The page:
Fasting morning blood was collected at the Year 10 examination and processed for serum, which was stored at −70°C until thawed. Serum cystatin C and creatinine assays were performed at the University of Minnesota Medical Center in 2010. Serum cystatin C concentrations were determined using a BN100 nephelometer (Dade Behring Inc., Deerfield, IL, USA) using a particle-enhanced immunonephelometric assay[8] (assay range 0.23–8.00 mg/L with interassay coefficient of variation [CV] of 4.0% at a level of 0.71 mg/L and 3.1% at a level of 1.75 mg/L [mean interassay CV 3.7%]) and then converted to standardized values traceable to a certified reference material.[9] Cystatin C–based eGFR (eGFRcysC), was computed using a Chronic Kidney Disease Epidemiology Collaboration (CKD-EPI) equation reexpressed for standardized cystatin C.[9, 10] Serum creatinine was measured with a Modular P Chemistry Analyzer (Roche Diagnostics, Indianapolis, IN, USA) using an enzymatic method equation calibrated with materials traceable to an isotope-dilution mass spectrometry (IDMS) reference measurement procedure. Interassay CV is 4.0%. eGFRCr was calculated using the CKD-EPI equation,[11] which includes variables for standardized creatinine, age, gender and race.

Ascertainment of hip fractures

Participants were contacted every 4 months after the Year 10 examination to ask whether they had sustained a fracture; more than 95% of these follow-up contacts were completed through 6 years of follow-up. Hip fractures (including the location) were confirmed by review of radiographic reports.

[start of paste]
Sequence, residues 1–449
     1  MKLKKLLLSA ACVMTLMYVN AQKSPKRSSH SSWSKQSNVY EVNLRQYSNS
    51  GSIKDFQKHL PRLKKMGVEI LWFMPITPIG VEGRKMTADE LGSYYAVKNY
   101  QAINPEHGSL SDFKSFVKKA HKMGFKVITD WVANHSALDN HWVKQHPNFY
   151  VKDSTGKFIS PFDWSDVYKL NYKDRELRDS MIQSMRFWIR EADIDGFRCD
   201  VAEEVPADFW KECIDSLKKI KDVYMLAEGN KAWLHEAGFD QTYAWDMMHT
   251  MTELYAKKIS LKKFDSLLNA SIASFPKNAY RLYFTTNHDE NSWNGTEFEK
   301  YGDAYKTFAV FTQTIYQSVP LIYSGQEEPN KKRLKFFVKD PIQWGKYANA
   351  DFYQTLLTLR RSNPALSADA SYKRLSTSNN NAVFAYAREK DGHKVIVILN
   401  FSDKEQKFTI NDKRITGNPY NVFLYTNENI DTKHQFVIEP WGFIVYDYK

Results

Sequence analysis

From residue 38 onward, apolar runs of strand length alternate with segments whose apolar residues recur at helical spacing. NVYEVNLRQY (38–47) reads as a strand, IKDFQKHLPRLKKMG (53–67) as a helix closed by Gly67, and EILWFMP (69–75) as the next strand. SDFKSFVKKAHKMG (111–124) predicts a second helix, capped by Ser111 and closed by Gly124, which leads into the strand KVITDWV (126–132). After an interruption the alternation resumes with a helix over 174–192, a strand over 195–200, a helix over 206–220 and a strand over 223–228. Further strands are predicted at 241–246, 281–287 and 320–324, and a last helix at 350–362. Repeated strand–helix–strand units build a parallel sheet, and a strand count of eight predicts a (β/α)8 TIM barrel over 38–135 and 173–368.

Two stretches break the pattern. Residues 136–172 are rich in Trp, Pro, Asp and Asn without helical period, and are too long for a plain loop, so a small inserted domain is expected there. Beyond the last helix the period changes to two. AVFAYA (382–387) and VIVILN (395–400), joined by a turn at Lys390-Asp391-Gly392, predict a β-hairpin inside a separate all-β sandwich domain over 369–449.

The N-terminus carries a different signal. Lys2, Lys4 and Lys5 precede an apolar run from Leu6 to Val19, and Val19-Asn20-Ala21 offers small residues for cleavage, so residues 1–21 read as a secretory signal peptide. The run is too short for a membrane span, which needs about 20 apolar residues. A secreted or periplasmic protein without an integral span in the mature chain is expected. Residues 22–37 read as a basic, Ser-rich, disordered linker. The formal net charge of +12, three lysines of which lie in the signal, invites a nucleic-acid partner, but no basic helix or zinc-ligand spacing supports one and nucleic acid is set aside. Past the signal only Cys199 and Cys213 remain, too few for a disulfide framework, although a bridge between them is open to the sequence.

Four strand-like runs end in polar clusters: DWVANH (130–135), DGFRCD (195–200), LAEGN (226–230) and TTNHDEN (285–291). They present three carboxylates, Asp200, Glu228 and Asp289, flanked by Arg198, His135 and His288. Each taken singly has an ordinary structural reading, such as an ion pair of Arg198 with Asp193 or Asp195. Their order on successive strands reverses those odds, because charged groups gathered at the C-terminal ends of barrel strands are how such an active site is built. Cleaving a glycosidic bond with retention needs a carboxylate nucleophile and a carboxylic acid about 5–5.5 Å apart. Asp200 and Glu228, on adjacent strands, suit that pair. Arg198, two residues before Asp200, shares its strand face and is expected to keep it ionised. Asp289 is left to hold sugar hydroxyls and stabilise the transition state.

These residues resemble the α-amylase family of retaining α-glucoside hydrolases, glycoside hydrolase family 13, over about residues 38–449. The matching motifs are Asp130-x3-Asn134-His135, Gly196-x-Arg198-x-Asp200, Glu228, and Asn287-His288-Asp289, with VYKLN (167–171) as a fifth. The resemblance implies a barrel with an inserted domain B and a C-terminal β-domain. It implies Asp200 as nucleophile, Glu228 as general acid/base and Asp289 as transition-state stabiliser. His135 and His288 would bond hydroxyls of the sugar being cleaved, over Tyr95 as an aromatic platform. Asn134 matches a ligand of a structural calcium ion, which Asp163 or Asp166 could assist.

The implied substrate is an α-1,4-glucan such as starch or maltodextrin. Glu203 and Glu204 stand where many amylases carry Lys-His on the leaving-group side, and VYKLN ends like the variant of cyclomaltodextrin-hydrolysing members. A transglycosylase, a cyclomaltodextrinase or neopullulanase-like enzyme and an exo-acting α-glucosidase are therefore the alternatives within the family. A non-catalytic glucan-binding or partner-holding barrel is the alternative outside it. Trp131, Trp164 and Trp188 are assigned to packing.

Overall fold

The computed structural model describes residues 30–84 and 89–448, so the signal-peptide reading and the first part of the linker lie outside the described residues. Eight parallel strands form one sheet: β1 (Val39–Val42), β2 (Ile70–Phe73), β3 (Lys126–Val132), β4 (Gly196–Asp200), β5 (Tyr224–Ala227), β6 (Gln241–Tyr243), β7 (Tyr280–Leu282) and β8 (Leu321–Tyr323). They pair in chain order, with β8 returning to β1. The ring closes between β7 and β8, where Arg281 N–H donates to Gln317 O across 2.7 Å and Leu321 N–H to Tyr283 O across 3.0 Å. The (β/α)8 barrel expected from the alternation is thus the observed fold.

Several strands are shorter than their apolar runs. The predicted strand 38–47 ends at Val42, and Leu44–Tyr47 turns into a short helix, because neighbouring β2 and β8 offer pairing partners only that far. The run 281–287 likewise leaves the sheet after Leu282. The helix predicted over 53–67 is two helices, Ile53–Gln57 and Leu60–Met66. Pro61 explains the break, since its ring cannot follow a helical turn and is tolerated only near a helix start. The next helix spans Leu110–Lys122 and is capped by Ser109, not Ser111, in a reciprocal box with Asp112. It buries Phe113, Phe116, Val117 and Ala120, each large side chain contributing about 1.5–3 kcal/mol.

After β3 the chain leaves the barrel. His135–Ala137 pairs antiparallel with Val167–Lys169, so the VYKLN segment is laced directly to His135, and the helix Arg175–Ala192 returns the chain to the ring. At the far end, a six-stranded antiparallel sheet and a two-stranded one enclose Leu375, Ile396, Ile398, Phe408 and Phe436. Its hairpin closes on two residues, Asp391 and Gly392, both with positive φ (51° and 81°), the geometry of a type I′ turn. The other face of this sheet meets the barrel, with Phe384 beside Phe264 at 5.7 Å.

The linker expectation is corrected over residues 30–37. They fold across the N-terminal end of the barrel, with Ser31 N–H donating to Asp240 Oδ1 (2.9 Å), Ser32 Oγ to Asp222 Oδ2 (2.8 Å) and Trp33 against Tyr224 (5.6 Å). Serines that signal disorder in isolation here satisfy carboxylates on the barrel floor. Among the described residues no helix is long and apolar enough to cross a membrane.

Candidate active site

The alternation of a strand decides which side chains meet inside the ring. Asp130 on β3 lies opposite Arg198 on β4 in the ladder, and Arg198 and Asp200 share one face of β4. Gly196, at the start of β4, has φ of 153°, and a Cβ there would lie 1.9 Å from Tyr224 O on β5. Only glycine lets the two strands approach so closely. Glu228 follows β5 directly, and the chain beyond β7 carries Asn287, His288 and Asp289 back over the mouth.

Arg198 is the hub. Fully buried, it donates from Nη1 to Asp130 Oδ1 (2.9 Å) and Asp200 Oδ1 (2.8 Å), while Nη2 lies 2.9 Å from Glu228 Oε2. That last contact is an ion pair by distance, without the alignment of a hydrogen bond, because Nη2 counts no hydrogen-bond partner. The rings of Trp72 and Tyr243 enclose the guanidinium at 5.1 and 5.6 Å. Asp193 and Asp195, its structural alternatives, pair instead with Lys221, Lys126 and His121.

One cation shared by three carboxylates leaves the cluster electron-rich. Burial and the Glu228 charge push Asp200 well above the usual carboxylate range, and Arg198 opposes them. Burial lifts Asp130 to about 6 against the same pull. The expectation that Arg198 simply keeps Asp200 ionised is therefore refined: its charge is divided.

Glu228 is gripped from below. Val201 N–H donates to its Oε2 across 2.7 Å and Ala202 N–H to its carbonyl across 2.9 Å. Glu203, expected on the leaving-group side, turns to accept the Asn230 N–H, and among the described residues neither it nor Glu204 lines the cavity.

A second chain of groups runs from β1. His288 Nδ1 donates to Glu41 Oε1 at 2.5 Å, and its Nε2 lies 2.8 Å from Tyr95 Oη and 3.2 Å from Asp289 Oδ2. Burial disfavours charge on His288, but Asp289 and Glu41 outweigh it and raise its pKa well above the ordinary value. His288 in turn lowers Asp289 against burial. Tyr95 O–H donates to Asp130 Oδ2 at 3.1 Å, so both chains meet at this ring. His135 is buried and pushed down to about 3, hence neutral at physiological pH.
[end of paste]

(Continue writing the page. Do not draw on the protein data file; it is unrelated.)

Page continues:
Other measurements

All covariates were measured at the Year 10 examination. Participants were asked about smoking status, health status, prevalent medical conditions including diabetes mellitus and cardiovascular disease (history myocardial infarction or stroke), previous fractures since 50 years of age, and falls in the past year. Physical activity was assessed using a modified version of the Harvard Alumni Questionnaire[12, 13] and expressed as a weighted score of kilocalories expended per week from walking. Depressive symptoms were evaluated using the 15-item Geriatric Depression Scale.[14] Weight was recorded with a balance beam scale and height was measured with a Harpenden stadiometer (Holtain, Ltd., United Kingdom); weight and height were used to calculate body mass index (BMI). Tests of physical function included grip strength (using a handheld Jamar dynamometer) and walking speed (time in seconds to walk 6 m at usual pace, expressed as m/s). BMD at the total hip was measured using dual-energy X-ray absorptiometry; details of the BMD measurement methods and precision have been published elsewhere.[15]